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As shown by the fixed voltage experiments, trapped bacteria either dispersed rapidly or remained aggregated after the voltage was removed (Fig. 2). Wild type PA14 and PA01 both formed aggregates, as evidenced by the residual fluorescence intensity after the voltage was shut off, as did the enhanced biofilm strains mucA and pvrR. Conversely, all biofilm-deficient strains, including pelA, dispersed when the voltage was turned off, suggesting a strong correlation between aggregation and biofilm forming phenotypes. Note that after the field is removed at 100 s the bacteria can be subject to pressure driven flow resulting from height differences in the outlet reservoirs. The height differences result from electroosmotic flow in the channel during operation. This is the reason for the streaks of wild type PA14 and PA14 mucA at 120 s in Fig. 2b.

Linear Sweep iDEP

The ability to rapidly discriminate between strains is valuable for certain applications, but the binary parameters of trapping and aggregation are insufficient to characterize a heterogeneous population. Here we perform a technique denoted linear sweep iDEP in order to characterize cell envelope polarizability. In linear sweep iDEP, voltage is increased linearly (here at a rate of one volt per second), thus rapidly providing information about trapping at a range of voltages. As stated above, for a given cell there is a particular electric field where dielectrophoretic forces at the constriction exceed electrophoresis and the background electroosmosis. Sweeping the applied electric field is an efficient method to determine the minimum electric field where immobilization occurs. The minimum electric field for immobilization varies for different strains since it’s a strong function of cell envelope phenotype. Note that a similar technique has been previously employed to determine the minimum potential required for iDEP immobilization of bacteria [15]. In this study, linear sweep iDEP was conducted in triplicate (at a minimum) for each strain listed in Table 1, and the average and standard deviation in fluorescence intensity were calculated. The voltage is swept from 10 V to 100 V at a rate of 1 V/s and beginning 10 s after the experiment is initiated. Thus, 10 s corresponds to 10 V applied, 30 s corresponds to 30 V applied, etc. The first 100 seconds of the experiments are shown in Fig. 3a for PA14 WT and PA14 pvrR. Fluorescence intensity data for the other strains is shown in Fig. 4.

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Figure 3. Analysis of key trapping parameters.

Integrated fluorescence intensity of PA14 WT and PA14 pvrR as a function of time, with representative inverted fluorescent images of PA14 pvrR (a). Voltage was swept at 1 V/s for 100 seconds (e.g. 50 s corresponds to 50 V applied). The response can be characterized by the time at which trapping can first be observed and the rate at which bacteria accumulate. Trapping initiation and bacteria accumulation rate for all ten strains investigated (b). Initial trapping and cell accumulation rate are fitted as shown in the inset. pvrR, mucA, and pelA demonstrate earlier and stronger responses than PA14 WT, while flgK, pilC, and cupA1 exhibit later and weaker responses. Accumulation rates for S. mitis SF100 and PS344 are similar, but PS344 traps earlier (i.e. at a lower voltage).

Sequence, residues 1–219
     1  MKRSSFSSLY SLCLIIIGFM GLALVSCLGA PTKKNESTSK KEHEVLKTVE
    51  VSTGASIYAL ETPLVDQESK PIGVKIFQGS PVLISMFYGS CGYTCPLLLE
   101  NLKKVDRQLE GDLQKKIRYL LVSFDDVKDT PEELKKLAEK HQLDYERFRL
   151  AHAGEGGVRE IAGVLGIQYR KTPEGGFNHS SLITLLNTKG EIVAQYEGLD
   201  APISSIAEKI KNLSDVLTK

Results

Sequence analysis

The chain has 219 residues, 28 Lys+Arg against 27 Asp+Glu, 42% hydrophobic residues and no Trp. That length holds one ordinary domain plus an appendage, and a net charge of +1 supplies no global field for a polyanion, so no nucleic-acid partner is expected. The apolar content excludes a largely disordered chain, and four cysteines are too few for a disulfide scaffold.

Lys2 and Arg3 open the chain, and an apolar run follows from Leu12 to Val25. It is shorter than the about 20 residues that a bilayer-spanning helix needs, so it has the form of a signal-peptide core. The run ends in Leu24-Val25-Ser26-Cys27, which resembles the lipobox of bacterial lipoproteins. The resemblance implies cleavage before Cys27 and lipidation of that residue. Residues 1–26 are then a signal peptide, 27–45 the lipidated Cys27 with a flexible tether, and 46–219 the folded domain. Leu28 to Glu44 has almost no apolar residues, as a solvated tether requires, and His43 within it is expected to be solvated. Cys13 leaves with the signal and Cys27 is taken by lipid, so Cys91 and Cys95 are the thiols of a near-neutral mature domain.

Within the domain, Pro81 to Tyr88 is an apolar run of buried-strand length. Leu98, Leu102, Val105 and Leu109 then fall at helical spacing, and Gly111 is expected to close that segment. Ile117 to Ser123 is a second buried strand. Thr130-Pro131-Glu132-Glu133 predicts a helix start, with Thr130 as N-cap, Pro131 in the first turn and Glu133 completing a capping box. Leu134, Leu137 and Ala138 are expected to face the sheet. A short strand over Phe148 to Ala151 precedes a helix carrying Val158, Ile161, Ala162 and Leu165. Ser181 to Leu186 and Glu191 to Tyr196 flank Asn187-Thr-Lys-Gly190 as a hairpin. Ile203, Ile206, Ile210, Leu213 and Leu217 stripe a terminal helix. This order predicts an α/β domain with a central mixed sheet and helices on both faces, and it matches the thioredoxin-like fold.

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Figure 4. Linear sweep trapping intensity varies across strains of bacteria.

Fluorescence intensity as a function of time as voltage was swept at 1/s for P. aeruginosa PA01 WT (a), cupA1 (b), flgK (c), mucA (d), pelA (e), pilC (f), pvrR (g), S. mitis SF100 (h), and PS344 (i) compared to P. aeruginosa PA14 WT.

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The trapping strength α in iDEP devices is defined as the ratio of the dielectrophoretic force to the electrophoretic and electroosmotic effects on the particle or cell. Trapping strength scales linearly with applied voltage, V0, and for a particle of radius a and electrophoretic mobility suspended in a media of electroosmotic mobility and relative permittivity in a channel of length L, square cross-sectional width w and constriction ratio , can be approximated as [17]:(1)

Here, is the geometry dependent Clausius-Mossotti factor, which expresses the relative polarizability of the suspended particles relative to the media. It is therefore reasonable to fit the fluorescence intensity versus time data for linear sweep iDEP in terms of a minimum voltage at which trapping appears and the rate at which cells accumulate near the constriction, with these parameters representing bacterial polarizability. A best fit was performed for each strain of bacteria, with the resulting trapping initiation times and accumulation rates plotted (Fig. 3b).

Dielectrophoretic Cell Envelope Phenotyping